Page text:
Optional boolean. Defines how to handle the boundaries of the input raster when its rows or columns are not a multiple of the cell factor.

• True : Expands the top or right boundaries of the input raster so the total number of cells in a row or column is a multiple of the cell factor. Those expanded cells are given a value of NoData. With this option, the output raster can cover a larger spatial extent than the input raster. This is the default.

• False : Reduces the number of rows or columns in the output raster by 1. This will truncate the remaining cells on the top or right boundaries of the input raster, making the number of rows or columns in the input raster a multiple of the cell factor. With this option, the output raster can cover a smaller spatial extent than the input raster.

• ignore_nodata

Optional boolean. Denotes whether NoData values are ignored by the aggregation calculation.

• True : Specifies that if NoData values exist for any of the cells that fall within the spatial extent of a larger cell on the output raster, the NoData values will be ignored when determining the value for output cell locations. Only input cells within the extent of the output cell that have data values will be used in determining the value of the output cell. This is the default.

• False : Specifies that if any cell that falls within the spatial extent of a larger cell on the output raster has a value of NoData, the value for that output cell location will be NoData.When the this option is used, it is implied that when cells within an aggregation contain the NoData value, there is insufficient information to perform the specified calculations necessary to determine an output value.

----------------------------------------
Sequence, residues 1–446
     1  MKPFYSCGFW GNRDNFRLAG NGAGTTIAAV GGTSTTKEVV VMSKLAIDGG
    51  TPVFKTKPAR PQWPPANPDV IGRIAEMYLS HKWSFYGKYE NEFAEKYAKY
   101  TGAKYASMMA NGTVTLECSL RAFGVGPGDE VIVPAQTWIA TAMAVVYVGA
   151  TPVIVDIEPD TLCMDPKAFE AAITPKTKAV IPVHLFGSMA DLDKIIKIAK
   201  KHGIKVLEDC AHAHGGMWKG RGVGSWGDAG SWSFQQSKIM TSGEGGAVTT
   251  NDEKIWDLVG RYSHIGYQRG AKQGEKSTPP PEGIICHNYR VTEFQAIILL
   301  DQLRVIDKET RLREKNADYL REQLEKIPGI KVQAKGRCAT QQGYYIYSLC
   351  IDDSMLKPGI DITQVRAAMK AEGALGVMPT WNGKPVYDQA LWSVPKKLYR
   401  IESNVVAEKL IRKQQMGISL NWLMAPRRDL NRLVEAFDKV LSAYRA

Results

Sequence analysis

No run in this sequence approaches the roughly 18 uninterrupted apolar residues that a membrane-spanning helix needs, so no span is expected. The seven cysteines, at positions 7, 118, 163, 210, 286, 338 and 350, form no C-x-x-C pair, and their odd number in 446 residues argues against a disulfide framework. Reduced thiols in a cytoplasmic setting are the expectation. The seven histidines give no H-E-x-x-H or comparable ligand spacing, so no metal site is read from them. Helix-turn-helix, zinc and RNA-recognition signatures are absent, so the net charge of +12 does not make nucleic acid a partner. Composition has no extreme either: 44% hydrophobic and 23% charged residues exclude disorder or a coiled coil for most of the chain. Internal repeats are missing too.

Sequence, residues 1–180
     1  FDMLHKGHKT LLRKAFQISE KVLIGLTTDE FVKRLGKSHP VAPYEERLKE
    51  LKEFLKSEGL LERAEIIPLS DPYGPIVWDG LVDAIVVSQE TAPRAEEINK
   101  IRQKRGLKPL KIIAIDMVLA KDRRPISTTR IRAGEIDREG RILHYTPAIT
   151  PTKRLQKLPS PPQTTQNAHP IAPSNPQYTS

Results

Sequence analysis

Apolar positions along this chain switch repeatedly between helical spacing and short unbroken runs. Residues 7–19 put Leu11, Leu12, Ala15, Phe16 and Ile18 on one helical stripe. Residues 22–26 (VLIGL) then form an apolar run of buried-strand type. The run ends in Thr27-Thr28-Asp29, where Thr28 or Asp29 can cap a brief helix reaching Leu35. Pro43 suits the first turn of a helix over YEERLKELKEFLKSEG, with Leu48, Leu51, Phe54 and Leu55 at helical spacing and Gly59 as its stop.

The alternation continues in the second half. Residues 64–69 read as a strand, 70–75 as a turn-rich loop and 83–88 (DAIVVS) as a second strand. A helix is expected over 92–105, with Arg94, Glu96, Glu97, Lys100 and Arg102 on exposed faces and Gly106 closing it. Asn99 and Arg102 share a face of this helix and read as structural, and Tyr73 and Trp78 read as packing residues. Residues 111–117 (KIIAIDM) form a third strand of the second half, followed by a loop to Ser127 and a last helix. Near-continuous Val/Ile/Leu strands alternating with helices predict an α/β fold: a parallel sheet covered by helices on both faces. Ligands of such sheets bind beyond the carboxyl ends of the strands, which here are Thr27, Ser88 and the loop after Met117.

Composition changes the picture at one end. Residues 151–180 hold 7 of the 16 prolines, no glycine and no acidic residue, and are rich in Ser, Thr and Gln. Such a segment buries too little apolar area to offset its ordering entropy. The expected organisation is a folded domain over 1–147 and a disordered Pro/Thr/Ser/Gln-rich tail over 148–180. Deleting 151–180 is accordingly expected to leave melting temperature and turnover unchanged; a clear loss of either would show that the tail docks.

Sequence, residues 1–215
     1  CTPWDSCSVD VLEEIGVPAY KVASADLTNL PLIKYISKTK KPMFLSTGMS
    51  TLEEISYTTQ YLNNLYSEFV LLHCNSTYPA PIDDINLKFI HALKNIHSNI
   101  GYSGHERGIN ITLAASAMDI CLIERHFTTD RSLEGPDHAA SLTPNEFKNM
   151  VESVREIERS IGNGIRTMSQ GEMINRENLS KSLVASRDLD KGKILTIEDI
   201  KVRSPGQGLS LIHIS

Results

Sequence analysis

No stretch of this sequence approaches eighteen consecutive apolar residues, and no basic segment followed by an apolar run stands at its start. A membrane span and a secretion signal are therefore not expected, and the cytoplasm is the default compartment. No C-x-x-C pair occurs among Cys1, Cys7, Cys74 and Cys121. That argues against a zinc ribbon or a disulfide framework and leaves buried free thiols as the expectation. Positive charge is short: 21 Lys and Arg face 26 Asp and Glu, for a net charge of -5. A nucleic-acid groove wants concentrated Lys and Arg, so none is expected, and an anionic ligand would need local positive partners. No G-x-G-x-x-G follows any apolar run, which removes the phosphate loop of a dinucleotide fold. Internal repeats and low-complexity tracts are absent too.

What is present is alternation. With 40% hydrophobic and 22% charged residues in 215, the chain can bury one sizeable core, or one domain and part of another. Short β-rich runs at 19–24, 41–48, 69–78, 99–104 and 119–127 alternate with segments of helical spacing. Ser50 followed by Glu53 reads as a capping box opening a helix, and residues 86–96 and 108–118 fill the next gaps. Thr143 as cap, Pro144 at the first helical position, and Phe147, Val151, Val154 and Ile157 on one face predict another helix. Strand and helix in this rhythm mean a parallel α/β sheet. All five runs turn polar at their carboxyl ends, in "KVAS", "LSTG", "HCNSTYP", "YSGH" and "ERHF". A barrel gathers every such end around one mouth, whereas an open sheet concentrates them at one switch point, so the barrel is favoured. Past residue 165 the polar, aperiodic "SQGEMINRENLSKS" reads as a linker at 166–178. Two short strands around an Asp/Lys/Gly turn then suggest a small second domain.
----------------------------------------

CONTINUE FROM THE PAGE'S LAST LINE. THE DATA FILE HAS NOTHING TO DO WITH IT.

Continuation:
Returns

output raster

## apply¶

arcgis.raster.functions.apply(raster, fn_name, **kwargs)

Applies a server side raster function template defined by the imagery layer (image service) The name of the raster function template is available in the imagery layer properties.rasterFunctionInfos.

Function arguments are optional; argument names and default values are created by the author of the raster function template and are not known through the API. A client can simply provide the name of the raster function template only or, optionally, provide arguments to overwrite the default values. For more information about authoring server-side raster function templates, see <a href=”http://server.arcgis.com/en/server/latest/publish-services/windows/server-side-raster-functions.htm”>Server-side raster functions</a>.

Parameters
• raster – the input raster, or imagery layer

• fn_name – name of the server side raster function template, See imagery layer properties.rasterFunctionInfos

• kwargs – keyword arguments to override the default values of the raster function template, including astype

Returns

the output raster

## arg_max¶

arcgis.raster.functions.arg_max(rasters, undefined_class=None, astype=None)

In the ArgMax method, all raster bands from every input raster are assigned a 0-based incremental band index, which is first ordered by the input raster index, as shown in the table below, and then by the relative band order within each input raster.